The language in the official UN documents promoting ‘The Green Economy’ published during the Rio+20 UN Conference for Sustainable Development last week is strikingly reflective of the language used by advocates of sustainability and even by social movements. In UN’s declaration ‘The Future We Choose’ certain phrases could have come from a Climate Camp press release; ‘the scientific evidence is unequivocal…the time to act is now!’ The document calls for ‘a great transformation’ and a recognition that business as usual is no longer sufficient in the ‘Anthropocene’ wherein we must live within the ‘safe operating space of planetary boundaries’. Are we finally making progress?
Unfortunately what we are witnessing is not progress but an undermining of decades worth of green politics by using of the language of environmentalism while rejecting any accompanying structural analysis of the origins of ecological problems. The UN Green Economy programme uses phrases and rhetorics devices of green movements. Unfortunately, these are neutered of political potential. The Green Economy is about creating new markets for ‘ecosystems services’, the basic provisions of the natural world, now considered ‘free’ such as water purification, plant pollination, carbon capture and maintenance of soil fertility. Creating new markets around these services sets the stage for the expansion of capitalism into the natural world – the global commons.
The Green Economy is a programme of fixing prices for natural resources once regarded as free. Well-meaning ecologists, scientists and environmental policy makers are now working towards the construction of infrastructure for the financialisation and commodification of ecosystem services. These processes attempt to protect Nature by accounting for ‘externalities’ of environmental damage through economic processes.
Meanwhile, green theorists and social movements claim that without a macroeconomic analysis of the dynamics of neo-liberalism these policies initiatives will reproduce and even increase current problems. Tragically, by bringing neo-liberal economic mechanisms into the sphere of nature, the global commons will be subject to an intensification of exploitation.
Alejandro Nadal, author of Rio+20: A Citizen’s Background Document, explains a fundamental error in the UN’s understanding of the management of the commons. The “global commons” is not what classical Romans called res nullius. Nadal explains that res nullius means that a thing has no owner and, therefore, anyone can appropriate it. Instead of having no owner, the global commons are commonly owned – they are res communis. The global commons must not be an object of private appropriation. We are a community – not commodities ripe for exploitation.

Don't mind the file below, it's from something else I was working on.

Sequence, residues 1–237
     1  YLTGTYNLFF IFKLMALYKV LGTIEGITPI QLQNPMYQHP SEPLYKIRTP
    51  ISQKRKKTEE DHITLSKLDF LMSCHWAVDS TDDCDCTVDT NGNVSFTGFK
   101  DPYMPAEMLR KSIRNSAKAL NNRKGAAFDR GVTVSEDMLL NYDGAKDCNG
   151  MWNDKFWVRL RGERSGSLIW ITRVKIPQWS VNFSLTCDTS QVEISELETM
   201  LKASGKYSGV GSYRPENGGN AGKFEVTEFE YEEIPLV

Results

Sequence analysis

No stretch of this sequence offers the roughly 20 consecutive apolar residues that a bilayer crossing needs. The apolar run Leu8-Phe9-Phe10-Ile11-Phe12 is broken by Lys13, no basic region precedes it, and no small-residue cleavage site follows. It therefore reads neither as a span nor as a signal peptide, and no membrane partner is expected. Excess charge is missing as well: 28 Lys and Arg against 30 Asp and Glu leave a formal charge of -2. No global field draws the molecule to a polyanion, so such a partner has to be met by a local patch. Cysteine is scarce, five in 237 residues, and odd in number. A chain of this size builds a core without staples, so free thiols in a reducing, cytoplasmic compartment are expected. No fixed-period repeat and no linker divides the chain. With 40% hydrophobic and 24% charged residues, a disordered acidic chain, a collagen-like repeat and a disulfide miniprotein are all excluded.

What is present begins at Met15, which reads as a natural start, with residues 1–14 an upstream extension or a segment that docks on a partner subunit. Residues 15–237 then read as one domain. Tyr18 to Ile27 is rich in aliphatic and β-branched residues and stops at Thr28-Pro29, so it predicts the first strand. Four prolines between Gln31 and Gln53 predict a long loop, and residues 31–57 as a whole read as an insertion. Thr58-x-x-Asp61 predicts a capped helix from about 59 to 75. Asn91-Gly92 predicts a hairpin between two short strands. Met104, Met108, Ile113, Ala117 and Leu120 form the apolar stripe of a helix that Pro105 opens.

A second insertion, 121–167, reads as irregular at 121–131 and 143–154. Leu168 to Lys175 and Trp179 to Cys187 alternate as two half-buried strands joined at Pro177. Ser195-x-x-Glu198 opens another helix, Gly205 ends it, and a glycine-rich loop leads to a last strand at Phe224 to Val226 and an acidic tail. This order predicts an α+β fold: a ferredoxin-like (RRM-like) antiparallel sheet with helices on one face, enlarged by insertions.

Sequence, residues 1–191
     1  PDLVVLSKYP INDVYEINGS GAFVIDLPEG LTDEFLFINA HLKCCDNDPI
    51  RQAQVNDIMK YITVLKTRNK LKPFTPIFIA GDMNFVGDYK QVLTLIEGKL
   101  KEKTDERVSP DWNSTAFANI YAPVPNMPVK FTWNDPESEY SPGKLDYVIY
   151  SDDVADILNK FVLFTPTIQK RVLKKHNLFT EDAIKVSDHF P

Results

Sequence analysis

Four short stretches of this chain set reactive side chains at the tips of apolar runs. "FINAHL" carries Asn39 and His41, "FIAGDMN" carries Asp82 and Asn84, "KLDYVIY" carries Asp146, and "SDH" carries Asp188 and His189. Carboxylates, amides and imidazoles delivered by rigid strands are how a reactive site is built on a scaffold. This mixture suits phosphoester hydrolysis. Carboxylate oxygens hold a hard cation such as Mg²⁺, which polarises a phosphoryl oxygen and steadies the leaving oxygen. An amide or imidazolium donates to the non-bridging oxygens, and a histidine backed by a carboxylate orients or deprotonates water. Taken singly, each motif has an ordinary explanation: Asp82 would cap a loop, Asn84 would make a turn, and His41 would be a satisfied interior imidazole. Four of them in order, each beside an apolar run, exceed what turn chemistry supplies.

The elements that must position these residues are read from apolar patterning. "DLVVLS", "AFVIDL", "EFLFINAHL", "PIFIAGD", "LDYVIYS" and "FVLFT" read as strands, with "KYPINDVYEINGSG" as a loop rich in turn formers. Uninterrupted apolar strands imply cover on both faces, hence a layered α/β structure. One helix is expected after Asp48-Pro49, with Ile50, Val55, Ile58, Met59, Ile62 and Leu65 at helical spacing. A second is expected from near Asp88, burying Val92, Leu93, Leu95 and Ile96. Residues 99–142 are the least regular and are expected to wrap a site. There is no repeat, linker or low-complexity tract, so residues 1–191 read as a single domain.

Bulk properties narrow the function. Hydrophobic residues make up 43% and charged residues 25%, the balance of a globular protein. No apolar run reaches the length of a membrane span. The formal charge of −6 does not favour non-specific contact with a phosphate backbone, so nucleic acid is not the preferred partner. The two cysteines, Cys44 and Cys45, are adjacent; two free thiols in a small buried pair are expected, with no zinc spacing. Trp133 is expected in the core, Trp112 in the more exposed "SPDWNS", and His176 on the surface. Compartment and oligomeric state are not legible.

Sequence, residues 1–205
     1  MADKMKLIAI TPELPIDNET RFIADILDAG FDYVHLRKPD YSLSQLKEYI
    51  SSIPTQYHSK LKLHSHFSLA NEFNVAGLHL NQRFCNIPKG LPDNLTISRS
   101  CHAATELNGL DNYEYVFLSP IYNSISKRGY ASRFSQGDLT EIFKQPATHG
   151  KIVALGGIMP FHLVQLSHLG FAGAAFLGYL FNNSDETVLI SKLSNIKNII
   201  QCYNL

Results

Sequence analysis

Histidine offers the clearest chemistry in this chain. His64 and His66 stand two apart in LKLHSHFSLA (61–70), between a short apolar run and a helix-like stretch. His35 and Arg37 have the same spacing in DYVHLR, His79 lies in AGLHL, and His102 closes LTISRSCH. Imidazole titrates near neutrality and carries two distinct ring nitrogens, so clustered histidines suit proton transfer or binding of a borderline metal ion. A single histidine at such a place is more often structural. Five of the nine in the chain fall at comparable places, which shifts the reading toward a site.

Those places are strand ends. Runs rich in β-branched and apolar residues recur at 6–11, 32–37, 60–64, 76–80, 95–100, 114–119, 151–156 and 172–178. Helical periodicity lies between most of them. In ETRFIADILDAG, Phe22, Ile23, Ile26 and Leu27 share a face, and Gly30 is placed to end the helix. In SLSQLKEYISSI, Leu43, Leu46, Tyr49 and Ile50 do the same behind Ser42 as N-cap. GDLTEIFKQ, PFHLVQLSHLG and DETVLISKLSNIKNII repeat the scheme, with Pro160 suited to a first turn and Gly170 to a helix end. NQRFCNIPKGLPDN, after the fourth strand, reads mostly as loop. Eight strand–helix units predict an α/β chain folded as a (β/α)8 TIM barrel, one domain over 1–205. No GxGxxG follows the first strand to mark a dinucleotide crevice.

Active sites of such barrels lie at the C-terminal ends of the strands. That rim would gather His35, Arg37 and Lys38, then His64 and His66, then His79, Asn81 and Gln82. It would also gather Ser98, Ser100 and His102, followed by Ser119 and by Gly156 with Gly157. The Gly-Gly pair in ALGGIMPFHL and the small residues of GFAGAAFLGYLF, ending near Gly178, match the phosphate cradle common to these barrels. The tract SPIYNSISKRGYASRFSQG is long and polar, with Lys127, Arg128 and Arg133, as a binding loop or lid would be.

This is not simply an academic linguistic exercise. This is the basis on which the UN is establishing new policy to attempt to conserve biodiversity and relatively stable ecological systems. Yet in the privatization of the commons, the conservation of nature moves from a political sphere to become yet another aspect of modern life subject to the whims of the market. This will necessarily result in a rapid decline in democratic control as the market becomes the space where environmental decisions are made. In a document published last week, Raj Patel and Martin Crook describe the valuation of ecosystem services as a political phenomenon – yet the UN is establishing markets as a means of negotiating humankind’s relationship with nature: ‘No democracy, no debate, no discussion, just dollars’.
Civil society responded with a plethora of critical responses and by condemning corporate capture of the United Nations. Greenpeace released Greenwash+20 which describes the public relation strategies which enable companies to manufacture the appearance of being good environmental actors rather than actually following through on their commitments. BankTrack, a global coalition of civil society organizations condemned UNEP’s Natural Capital Declaration.
The most strongly worded critique of the UN official process was presented by the Indigenous People’s Global Conference on Rio+20 and Mother Earth in the form of the Kari-Oca 2 Declaration. This document describes the UN’s Green Economy programme as ‘a continuation of colonalism’. It declares unequivocally that ‘the Green Economy is nothing more than capitalism of nature; a perverse attempt by corporations, extractive industries and governments to cash in on Creation by privatizing, commodifying and selling off the Sacred and all forms of life and the sky’. The declaration firmly rejects privatization, market-based solutions, REDD and intellectual property rights over genetic resources and traditional knowledge.
Despite the decisive denunciation by Indigenous peoples, social movements and a large portion of civil society, the UN is now establishing the Green Economy as the official approach to sustainable development. Nature is being redefined as ‘natural capital’ as a prelude for the intensification of its exploitation. The same innovative but opaque financial mechanisms responsible for the economic crisis will be transferred to already endangered ecological system. The earth – the material, geo-physical context that makes social and economic systems possible – is necessarily the final frontier for capitalism.
Papers and resources on Rio+20 can be found here.
The photographed article above ‘Price to be put on every Hill and Lake’ is from The Sunday Times, Sunday 24 June 2012. Econopoly images by J.Boehnert 2012.